GLOVERSVILLE - With gas prices up by more than a dollar per gallon from a year ago - now over $4 per gallon for regular unleaded - people who rely on transportation in the working work say something has to give.
Big transportation providers in both the public and private sectors are anxious, waiting to see when this latest gas-price escalation that's playing havoc with their budgets will reverse, or at least level off.
Fulton County Sheriff Thomas Lorey, who maintains a fleet of 17 vehicles driven daily by deputies all over the county, hadn't looked much at his gas budget ledger.
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Randy Decker of Gloversville fills up his car’s gas tank at the Getty station on East Fulton Street in the town of Johnstown last week.
"I'm afraid to look," he said.
But when he finally took a peek, he found the Sheriff's Department had spent $16,837 of about $60,000 budgeted for fuel.
Lorey said county government prices for gas may increase in subsequent quarters. But, he asks, "Who knows?"
I'm relatively sure I'll run out of [budgeted] fuel by the end of the year," he said.
Lorey said he often reminds his deputies to turn their engines off if they have to stop on patrol or have an extended stay at a community-policing effort. He said he's sure he's going to have to go back to supervisors to transfer funding to keep up with fuel costs, but curtailing regular law enforcement efforts throughout the county may not be an option.
"I'm hesitant to tell [deputies] to actually stop patrolling," the sheriff said.
Fulton County Budget Director Alice Kuntzsch said the county maintains a fuel depot on Route 29 behind the County Services Complex in Johnstown. From those pumps, gas is dispensed for 27 county departments' vehicles, as well as several other entities that contract with the county to utilize the depot, including schools.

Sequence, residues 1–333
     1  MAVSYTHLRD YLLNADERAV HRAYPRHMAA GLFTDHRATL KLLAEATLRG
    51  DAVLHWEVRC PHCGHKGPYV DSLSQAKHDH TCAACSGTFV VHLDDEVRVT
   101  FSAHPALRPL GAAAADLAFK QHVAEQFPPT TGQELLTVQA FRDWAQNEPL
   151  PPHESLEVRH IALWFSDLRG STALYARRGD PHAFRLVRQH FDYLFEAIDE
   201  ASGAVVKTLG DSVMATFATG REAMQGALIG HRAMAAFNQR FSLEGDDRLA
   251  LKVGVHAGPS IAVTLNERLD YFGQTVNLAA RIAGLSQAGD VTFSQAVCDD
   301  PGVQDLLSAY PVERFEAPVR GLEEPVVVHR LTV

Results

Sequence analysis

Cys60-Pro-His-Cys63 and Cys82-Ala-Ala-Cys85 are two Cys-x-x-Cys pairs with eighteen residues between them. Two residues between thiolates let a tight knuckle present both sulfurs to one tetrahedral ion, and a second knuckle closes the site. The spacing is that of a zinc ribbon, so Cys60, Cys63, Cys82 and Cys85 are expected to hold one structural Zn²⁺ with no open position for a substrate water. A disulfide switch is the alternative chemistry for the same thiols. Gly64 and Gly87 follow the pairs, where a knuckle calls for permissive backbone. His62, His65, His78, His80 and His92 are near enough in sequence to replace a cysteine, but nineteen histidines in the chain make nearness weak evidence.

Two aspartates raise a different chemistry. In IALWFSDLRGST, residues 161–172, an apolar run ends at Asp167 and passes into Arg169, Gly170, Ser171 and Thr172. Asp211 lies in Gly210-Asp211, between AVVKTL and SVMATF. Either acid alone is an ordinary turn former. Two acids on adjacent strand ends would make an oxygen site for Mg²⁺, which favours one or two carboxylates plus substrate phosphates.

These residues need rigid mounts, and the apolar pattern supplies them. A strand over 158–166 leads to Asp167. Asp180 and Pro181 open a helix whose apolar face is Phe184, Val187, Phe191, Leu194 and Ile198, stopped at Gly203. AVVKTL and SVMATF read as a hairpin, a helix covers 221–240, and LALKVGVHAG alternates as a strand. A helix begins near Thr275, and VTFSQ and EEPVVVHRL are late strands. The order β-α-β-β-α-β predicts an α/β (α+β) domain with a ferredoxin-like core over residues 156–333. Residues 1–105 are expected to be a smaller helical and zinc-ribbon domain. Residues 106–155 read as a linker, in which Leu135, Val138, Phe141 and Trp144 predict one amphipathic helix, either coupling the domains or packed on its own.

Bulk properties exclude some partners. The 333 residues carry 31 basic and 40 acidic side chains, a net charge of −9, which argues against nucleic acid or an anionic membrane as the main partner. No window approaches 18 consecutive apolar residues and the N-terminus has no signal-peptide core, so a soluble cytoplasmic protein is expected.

The county Highways and Facilities Department, run by Superintendent Mark Yost, reimburses the county departments for the fuel they use at the depot. Kuntzsch said that with gas prices being an "unknown" in 2011, the departments will have to stay in close contact with Yost.
"They're going to have get with Mark and make sure they're budgeting at the same levels," she said.
Kuntzsch said her message to county departments about gas is to "conserve as much as possible." In the meantime, she said the county waits for possibly more bad fuel news, as a June 1 start of the county budget process for 2012 looms.
"Right now, it's really up in the air," Kuntzsch said. "It's speculation where it's going to go. Some say it's going to be up to $5 a gallon by Memorial Day."
The private sector isn't handling the high prices of gas any better than the public sector.
John Antonucci, who owns Antonucci's Wholesale Produce Inc. and Seafood on South Main Street in Gloversville, says the high price of diesel fuel and gas for his 18 vehicles definitely hurts his business in many different ways. His trucks fuel up at Shepard Oil in Johnstown.
"It's a huge deal," Antonucci said. "It's $10,000 more a month [the company had paid] for fuel the past three or four months."
The local business handles the transportation of a variety of products, including fresh fruit and vegetable, seafood and fresh eggs, which require refrigeration.
Antonucci said his company also is being impacted by freight costs, which are increasing by thousands of dollars from companies that ship products to Gloversville from California and other locations. Lettuce costs him $2 more per case, he said.
He said many food-service companies tack on a delivery or fuel surcharge tacked on to regular costs to their vendors. He said Antonucci's has resisted that, but may have to implement a similar charge.
"We may to down the road," Antonucci said. "It's [high fuel prices] definitely eating the profits up."
Gloversville Enlarged School District Transportation Transportation Supervisor Pete Brenan said higher gas prices haven't yet impacted his district.
"Not right now," Brenan said. "It will kill us next year."
He explained that the district's fuel prices are locked in now, but during the summer, a new price - likely a higher one - will have to be negotiated for the next school year.
The average school bus gets about seven miles per gallon, according to the American School Bus Council.
Brenan said the district may have to look at cutting some "extra runs" if gas prices keep climbing, but decisions on that must ultimately be made by the Board of Education.
"I'm watching it all the time right now," he said.
Michael Anich covers Johnstown and Fulton County news. He can be reached at email@example.com.